Internal policies and procedures: Policies and procedures are an easy way to ensure that the standard of conduct expected of all employees are clearly set out in an accessible form. They also go a long way in regulating employee conduct, which can be a huge factor when it comes to corruption risks. Companies should consider having policies that are specifically aimed at mitigating corruption risks such as: a gifts and donations policy, a procurement policy, financial policies and procedures and a whistle-blower protection policy, to name a few. Having such policies in place will help a company act swiftly when employees fall foul of the expected standard of conduct, and can also save it from reputational harm. By way of example, the Protected Disclosures Act 26 of 2000, is designed to protect whistle-blowers that may disclose information regarding unlawful or irregular conduct by their employers or other employees or workers. Alive to the many challenges that whistle-blowers may encounter in trying to expose corruption or other forms of impropriety, the Act protects employees who report impropriety to various bodies outside of the company, including the media, in certain instances. Having a clear whistle-blower protection policy, that creates a safe space for the disclosure of impropriety can go a long way in protecting not only the whistle-blower but the company, which will be able to deal with the reported conduct appropriately.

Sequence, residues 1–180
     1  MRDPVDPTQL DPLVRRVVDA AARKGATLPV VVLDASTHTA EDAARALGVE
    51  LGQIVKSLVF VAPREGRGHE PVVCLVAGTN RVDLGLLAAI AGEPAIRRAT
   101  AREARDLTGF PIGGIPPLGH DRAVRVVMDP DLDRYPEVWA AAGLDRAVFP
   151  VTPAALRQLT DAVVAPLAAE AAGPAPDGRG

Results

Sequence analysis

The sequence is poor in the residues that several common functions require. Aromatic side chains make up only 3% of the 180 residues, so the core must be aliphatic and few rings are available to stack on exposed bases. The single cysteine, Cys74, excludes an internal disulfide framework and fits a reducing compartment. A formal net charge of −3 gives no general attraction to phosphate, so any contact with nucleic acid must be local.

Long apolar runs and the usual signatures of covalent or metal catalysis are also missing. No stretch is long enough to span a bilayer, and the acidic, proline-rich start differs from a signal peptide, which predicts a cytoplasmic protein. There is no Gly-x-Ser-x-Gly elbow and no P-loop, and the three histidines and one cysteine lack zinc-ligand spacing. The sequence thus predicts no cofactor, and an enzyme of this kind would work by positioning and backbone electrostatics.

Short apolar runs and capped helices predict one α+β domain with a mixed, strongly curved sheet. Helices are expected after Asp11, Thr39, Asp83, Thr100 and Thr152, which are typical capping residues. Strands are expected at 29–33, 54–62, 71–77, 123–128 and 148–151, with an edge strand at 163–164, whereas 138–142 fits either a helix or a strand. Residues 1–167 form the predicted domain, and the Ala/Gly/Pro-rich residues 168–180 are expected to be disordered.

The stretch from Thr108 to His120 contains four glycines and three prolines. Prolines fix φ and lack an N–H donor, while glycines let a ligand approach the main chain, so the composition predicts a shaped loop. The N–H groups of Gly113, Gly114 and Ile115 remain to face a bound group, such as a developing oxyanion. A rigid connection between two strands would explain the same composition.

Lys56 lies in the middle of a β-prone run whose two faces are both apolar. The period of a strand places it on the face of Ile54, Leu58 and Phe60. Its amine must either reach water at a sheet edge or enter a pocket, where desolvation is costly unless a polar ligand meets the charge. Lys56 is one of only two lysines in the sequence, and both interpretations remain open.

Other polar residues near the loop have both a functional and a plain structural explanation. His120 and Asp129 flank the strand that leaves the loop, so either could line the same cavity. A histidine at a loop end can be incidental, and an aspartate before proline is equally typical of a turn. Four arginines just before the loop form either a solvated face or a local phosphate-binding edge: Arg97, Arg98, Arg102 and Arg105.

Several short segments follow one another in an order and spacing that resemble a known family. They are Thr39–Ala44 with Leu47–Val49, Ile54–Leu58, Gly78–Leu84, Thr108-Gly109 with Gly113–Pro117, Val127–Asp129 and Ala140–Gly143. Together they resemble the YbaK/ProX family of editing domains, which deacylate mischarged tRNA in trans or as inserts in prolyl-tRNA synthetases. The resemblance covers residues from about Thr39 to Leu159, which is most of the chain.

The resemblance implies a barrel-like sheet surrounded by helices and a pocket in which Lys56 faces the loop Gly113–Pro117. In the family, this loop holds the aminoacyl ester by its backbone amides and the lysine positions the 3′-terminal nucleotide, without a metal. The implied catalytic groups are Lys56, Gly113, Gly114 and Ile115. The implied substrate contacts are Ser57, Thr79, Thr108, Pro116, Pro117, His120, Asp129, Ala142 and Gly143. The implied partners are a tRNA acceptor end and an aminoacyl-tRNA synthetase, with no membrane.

Risk Assessments and due diligence: Boards can also mitigate against corruption risks by constantly assessing areas of vulnerability and exposure. Such areas include third party relationships, employees, clients, industry within which the company operates and internal compliance to existing policies and procedures . Having a good handle on what is happening within and outside the company can assist the company is preventing, detecting and remedying instances of corruption that may occur swiftly and appropriately. If the past two years have taught those in the business world anything, it is that companies do not know what they do not know. It is therefore imperative to take adequate steps to be informed at all relevant times.
Building and sustaining an ethical culture: This can take the form of enunciating the company’s values and aligning them with a strong stance against corruption and unethical behaviour. It is also important that board members, prescribed officers and senior employees within the company make firm commitments to act ethically, honestly and transparently at all times. Senior employees and board members can also act this out by regularly declaring personal financial interests and conflicts when they arise. As the adage goes- a fish rots from the head, therefor holding those in leadership within the company accountable to such commitments, will have a tremendous impact on other staff members.
For more specific advice suited to your company, contact us on [email protected].
Deborah Mutemwa-Tumbo, Chairwoman: Tumbo Scott